The executor or administrator of the estate is allowed to choose the location and date of the funeral. They can also decide who is invited and permitted to attend the funeral and who is not. There are a few points to note about this situation.
It can be difficult for the executor or administrator to restrict access to the funeral if it’s held in a public place.
Even if the deceased has left written instructions in their will or another document about who they wish to attend their funeral, the executor does not have to follow those wishes.
Although disputes can arise if a family member or friend is not notified of the death or invited to the funeral, there is no legal obligation for the executor to notify certain people and invite them to the funeral.
If you have been excluded from the funeral, you could contact the executor and try to arrange to visit the grave at another time or date. You could also try suggesting mediation to settle the dispute.
If the deceased person is buried in a public cemetery, the executor can’t stop their family or friends from visiting the gravesite or placing flowers on the grave, as long as the visitor isn’t breaking any rules of the cemetery.
Paying for the funeral
The executor or administrator who arranges the funeral is also responsible for paying for it. If possible, they can arrange for payment to be made from the estate. This is usually done by giving the funeral invoices to the deceased person’s bank or by applying to their superannuation fund for the payment to be made.
If someone other than the executor makes the funeral arrangements, they can ask the executor for reimbursement of ‘reasonable funeral expenses’. What constitutes ‘reasonable’ expenses is based on having regard to the circumstances of the deceased. For example, if the deceased had a frugal, modest lifestyle or if the value of the estate is modest, the funeral expenses should also be modest and not extravagant. If the deceased did not express a wish to have his or her ashes scattered in a foreign country, it would most likely be unreasonable to request that the estate cover the costs for the executor to travel to that country. The deceased’s persons culture and religion will also play a part: if the deceased did not have strong cultural ties or religious beliefs, it would be hard to justify expenses related to funeral proceedings associated with that culture or religion.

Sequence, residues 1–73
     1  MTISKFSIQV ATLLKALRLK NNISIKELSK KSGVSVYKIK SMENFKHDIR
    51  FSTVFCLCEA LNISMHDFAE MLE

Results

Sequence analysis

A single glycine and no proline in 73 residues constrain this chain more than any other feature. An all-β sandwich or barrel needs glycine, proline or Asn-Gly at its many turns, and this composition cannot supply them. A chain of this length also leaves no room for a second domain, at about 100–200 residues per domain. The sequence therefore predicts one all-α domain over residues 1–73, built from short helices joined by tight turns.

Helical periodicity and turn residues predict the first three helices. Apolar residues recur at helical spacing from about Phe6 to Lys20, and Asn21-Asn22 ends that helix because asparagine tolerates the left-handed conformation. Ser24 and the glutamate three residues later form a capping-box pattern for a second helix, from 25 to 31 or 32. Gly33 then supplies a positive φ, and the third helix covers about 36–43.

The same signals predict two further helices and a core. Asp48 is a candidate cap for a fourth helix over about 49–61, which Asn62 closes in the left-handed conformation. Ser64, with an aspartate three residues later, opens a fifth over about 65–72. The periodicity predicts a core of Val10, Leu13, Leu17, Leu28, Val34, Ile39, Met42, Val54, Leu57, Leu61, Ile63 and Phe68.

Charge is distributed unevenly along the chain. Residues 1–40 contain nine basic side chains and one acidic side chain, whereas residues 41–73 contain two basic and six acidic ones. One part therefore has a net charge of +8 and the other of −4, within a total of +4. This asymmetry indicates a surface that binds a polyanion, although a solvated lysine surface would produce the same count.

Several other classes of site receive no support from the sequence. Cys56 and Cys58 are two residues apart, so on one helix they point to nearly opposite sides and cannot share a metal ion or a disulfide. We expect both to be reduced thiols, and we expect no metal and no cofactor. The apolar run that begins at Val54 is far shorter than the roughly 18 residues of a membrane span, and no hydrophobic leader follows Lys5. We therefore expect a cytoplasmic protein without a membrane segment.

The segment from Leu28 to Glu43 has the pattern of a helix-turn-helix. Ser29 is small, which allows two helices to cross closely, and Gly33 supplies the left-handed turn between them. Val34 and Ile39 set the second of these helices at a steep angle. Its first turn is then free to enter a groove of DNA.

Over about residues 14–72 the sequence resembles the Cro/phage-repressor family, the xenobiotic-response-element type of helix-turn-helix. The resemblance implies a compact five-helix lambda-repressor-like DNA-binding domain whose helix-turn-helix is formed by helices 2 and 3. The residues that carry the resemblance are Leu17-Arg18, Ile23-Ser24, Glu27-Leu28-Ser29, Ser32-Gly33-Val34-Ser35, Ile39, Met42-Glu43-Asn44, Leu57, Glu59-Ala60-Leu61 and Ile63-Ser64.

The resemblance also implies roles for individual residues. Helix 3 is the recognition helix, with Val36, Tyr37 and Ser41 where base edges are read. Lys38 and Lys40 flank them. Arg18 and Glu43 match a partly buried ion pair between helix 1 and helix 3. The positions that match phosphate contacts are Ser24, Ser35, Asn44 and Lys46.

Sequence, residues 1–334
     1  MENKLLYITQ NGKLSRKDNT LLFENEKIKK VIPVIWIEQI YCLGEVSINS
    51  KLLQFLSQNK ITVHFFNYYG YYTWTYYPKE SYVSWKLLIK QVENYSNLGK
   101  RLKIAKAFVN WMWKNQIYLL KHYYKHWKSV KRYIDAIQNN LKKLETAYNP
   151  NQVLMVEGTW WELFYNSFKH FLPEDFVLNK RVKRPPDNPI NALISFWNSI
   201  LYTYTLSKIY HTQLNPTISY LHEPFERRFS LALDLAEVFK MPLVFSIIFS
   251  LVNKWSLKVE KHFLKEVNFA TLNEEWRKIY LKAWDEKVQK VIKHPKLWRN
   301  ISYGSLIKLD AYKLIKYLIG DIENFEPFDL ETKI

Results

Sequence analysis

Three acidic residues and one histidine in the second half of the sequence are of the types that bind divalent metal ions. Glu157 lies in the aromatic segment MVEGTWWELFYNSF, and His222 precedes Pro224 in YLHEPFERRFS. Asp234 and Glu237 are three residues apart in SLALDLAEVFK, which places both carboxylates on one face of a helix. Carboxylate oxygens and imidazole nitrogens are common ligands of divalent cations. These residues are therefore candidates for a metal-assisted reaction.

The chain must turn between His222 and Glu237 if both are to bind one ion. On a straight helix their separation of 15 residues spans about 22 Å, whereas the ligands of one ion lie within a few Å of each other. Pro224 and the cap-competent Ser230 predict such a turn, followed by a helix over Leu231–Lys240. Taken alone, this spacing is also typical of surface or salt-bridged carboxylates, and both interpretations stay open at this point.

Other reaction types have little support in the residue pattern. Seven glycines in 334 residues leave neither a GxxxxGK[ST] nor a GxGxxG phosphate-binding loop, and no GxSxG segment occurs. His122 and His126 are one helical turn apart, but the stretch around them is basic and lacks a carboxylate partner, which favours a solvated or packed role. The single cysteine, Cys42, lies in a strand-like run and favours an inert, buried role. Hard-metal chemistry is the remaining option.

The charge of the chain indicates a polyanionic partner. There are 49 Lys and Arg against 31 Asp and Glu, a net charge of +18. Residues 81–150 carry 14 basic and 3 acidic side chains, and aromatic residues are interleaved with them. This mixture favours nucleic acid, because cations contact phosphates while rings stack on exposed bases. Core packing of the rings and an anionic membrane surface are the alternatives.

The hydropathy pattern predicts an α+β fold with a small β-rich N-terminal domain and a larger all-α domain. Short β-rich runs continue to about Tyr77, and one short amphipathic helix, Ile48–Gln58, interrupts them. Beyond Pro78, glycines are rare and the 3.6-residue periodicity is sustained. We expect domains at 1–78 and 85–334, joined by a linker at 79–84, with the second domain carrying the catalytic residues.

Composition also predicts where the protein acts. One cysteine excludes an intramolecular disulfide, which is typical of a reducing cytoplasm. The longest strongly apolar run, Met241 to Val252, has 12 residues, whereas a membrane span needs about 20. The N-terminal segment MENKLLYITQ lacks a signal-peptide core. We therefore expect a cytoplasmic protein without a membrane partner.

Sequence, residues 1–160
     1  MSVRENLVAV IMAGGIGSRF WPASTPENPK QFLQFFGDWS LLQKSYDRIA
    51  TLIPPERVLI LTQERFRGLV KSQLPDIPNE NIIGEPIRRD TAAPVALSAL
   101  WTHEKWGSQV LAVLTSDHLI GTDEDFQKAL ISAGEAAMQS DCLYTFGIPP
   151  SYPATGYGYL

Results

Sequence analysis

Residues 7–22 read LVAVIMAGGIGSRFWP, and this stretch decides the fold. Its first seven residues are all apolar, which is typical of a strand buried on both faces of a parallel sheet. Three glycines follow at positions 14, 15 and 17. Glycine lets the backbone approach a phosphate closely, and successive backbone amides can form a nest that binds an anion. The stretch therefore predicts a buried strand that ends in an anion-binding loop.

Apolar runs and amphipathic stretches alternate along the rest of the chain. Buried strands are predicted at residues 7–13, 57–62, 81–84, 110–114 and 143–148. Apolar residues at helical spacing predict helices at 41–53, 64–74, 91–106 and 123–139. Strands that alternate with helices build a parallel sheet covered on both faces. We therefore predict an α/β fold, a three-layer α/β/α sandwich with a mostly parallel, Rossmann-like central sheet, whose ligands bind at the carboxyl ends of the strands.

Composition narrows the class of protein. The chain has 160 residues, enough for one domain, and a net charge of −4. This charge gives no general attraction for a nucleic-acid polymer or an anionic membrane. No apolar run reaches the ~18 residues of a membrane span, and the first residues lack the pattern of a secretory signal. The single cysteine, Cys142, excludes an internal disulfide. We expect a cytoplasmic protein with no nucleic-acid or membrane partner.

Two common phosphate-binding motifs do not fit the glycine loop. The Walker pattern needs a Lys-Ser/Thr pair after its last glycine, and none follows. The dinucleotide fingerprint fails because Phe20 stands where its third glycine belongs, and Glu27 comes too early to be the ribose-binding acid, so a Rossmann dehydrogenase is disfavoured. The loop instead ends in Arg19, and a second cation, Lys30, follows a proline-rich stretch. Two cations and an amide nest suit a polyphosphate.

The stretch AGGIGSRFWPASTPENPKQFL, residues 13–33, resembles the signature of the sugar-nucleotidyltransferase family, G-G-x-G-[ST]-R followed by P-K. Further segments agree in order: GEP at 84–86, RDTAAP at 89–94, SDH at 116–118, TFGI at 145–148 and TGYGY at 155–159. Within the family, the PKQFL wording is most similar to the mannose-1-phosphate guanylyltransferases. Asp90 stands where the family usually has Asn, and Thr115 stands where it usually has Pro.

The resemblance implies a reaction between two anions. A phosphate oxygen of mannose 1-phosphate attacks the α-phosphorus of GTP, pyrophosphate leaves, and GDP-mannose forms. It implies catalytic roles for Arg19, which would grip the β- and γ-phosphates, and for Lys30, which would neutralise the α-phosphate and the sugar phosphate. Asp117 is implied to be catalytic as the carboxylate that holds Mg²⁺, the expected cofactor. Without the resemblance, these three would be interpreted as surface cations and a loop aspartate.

If the executor pays for the funeral from their own funds, they can be reimbursed from the estate if there is enough money there. Again, the reimbursement can only cover ‘reasonable funeral expenses’.
Leave your funeral instructions with your will
Most of us agree that making a will is one of the best ways we can look after the people we love when we’re gone. We know that it will simplify the settling of our estate and save family and friends from additional stress and heartache. For their wellbeing, it’s equally important that your record any preferences and views that you have in relation to your funeral arrangements and the method of disposal of your body and store this information with your will. What you assume will happen may not be the case – and it may not be what you want to happen.
You can include your funeral instructions in your will, however this is not recommended. Frequently the funeral is arranged and completed before the will is even read. Including your funeral instructions in your will can actually lead to disputes where the executors has arranged the funeral only to refer to the will at a later date and find different funeral instructions.
The main thing is for the appointed executor in your will to know your funeral wishes. You can record your funeral instructions in a separate document that you store with your Will. You may also provide a copy to your guardian appointed under Appointment of Enduring Guardian.